Posts Tagged ‘law-abidance’


September 10, 2015

2015-09-10Kim DavisWhen I woke up this morning the sky was dark and “Turkish”: in the east the crescent of the old moon was hanging right over a very bright star, which, as Google told me later, was the planet Venus. I grabbed a camera and, still drowsy, snapped a picture of the Moon and Venus’s rendezvous. Incidentally, in Ukrainian and German(my second foreign language) the Moon  is the masculine gender and Venus – the feminine, which fits my conservative views of who should meet whom in so small hours of the day.

Yes, my views are becoming more and more conservative. It seems that in present day journalese this word acquires the meaning of “old-fashioned”, “outdated”, “deteriorated“, “retrogressive”, “bigoted,” etc. A clerk from Kentucky (U.S.A.) – a Christian “conservative” – refused to issue a marriage certificate to a same-sex couple. The to-be-married bride and groom (their names are given, but I’m not sure who is which) sued Kim Davis asking the judge to punish her. Instead of fining the clerk, as the plaintiffs sought, Judge Bunning went beyond that and jailed Ms. Davis. As I understand, there are no definite prescriptions of incarceration terms for such cases and Ms. Davis can be staying in prison as long as the judge decides – probably until she “repents.”

Ms. Davis could have done differently – just as her colleagues did (“I don’t want to, but I will follow the law”, another lawyer, who is also a preacher’s daughter, said). But that would have run against her moral principles, against her conscience. So, she made her choice.

I am not in the least interested in the casuistic macramé the American judiciary is webbing at the moment. I only see this little great Christian on a witness stand and hear her voice when she, being asked whether she approved of same-sex marriage, replies – with courage in her heart and tears in her voice, “It’s not of God.”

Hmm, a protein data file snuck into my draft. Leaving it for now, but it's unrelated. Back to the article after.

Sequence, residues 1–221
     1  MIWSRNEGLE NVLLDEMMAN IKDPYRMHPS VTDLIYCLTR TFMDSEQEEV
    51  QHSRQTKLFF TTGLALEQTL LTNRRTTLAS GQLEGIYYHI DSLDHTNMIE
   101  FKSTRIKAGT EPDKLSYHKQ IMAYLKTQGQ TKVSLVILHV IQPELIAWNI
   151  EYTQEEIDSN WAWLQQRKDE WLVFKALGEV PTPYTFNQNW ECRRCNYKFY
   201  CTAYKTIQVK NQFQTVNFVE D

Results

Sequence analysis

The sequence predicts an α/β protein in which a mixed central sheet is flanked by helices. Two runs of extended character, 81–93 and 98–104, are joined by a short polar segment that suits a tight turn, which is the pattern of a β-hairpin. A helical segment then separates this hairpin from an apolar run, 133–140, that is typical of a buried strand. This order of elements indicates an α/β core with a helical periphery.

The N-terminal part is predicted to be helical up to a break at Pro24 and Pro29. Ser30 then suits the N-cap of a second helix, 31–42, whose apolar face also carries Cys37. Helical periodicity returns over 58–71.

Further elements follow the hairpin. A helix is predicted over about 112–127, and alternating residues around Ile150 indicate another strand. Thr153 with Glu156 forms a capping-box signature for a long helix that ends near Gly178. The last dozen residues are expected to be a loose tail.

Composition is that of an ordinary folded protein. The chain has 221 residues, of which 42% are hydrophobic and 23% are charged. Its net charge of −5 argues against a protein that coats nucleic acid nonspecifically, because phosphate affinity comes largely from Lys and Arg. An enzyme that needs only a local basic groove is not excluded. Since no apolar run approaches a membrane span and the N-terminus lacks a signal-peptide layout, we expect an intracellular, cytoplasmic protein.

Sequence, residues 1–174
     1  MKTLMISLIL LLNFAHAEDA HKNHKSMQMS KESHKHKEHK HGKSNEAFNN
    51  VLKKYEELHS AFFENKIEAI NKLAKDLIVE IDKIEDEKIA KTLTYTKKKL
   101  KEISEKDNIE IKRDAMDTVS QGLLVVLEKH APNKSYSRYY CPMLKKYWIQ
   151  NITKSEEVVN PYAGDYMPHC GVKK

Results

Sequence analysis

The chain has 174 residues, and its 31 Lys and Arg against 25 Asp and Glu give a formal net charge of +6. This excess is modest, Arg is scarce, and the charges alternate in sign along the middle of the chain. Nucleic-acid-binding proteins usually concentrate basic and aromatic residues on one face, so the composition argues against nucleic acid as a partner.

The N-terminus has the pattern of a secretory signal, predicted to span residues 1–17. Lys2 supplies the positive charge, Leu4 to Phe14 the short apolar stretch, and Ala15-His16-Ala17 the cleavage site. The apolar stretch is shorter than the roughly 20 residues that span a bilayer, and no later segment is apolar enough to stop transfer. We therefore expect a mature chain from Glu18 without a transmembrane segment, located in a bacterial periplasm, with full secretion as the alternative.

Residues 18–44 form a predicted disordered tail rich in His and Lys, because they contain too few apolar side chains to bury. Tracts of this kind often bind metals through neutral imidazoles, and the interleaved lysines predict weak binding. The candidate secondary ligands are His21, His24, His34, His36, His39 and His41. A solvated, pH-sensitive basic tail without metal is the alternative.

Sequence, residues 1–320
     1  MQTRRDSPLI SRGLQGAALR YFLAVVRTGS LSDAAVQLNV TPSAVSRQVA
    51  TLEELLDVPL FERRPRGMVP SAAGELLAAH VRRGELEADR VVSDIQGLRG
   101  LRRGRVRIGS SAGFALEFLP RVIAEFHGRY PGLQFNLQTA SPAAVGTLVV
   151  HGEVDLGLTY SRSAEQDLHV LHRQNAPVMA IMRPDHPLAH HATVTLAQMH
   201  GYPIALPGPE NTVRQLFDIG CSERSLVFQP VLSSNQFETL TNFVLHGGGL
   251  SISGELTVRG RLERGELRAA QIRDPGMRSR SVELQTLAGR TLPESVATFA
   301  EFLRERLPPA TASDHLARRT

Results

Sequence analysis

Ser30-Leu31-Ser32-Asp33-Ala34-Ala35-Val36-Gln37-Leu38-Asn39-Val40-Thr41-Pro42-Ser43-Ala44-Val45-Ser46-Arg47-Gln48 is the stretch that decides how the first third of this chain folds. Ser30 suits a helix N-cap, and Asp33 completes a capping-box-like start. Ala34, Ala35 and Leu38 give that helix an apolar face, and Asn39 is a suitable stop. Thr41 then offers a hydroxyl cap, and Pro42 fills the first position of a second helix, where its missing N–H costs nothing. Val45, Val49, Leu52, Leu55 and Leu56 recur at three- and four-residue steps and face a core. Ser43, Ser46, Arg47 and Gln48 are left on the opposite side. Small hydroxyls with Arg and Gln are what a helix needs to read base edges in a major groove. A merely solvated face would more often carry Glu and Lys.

That’s how things work in America. In Ukraine we throw grenades. If I weren’t a Christian, I would be on the side of Ukraine.


December 1, 2009

Of late the city “marshrutkas” (shuttle-buses) are allowed to take in and let out passengers only at designated stops, which are also the stops for other city transport – buses and trolleybuses. Earlier you could wave to the marshrutka driver at any place on the road and he would stop and pick you up no matter where you were. Or, while in the marshrutka, you could “order” your stop for getting off by naming some landmark on the route: “At the crossroads, please”, “Just round the corner”, etc.

Yesterday I heard a lady in the back of the marshrutka shouting to the driver the name of an “unofficial” place where she would like to get out. When the driver disregarded her plea, which was both a request and a command, the lady got really angry. To my remark that the driver has no right to stop anywhere, but only at fixed places, the lady retorted indignantly: “Others have the right and he hasn’t!”

That is the beginning of all our problems, I thought. We are growing indignant over the law being broken by our politicians, by their going scott-free from crimes committed, by unjust trials, by pervasive corruption. But it looks that law-abidance, like charity, begins at home too.

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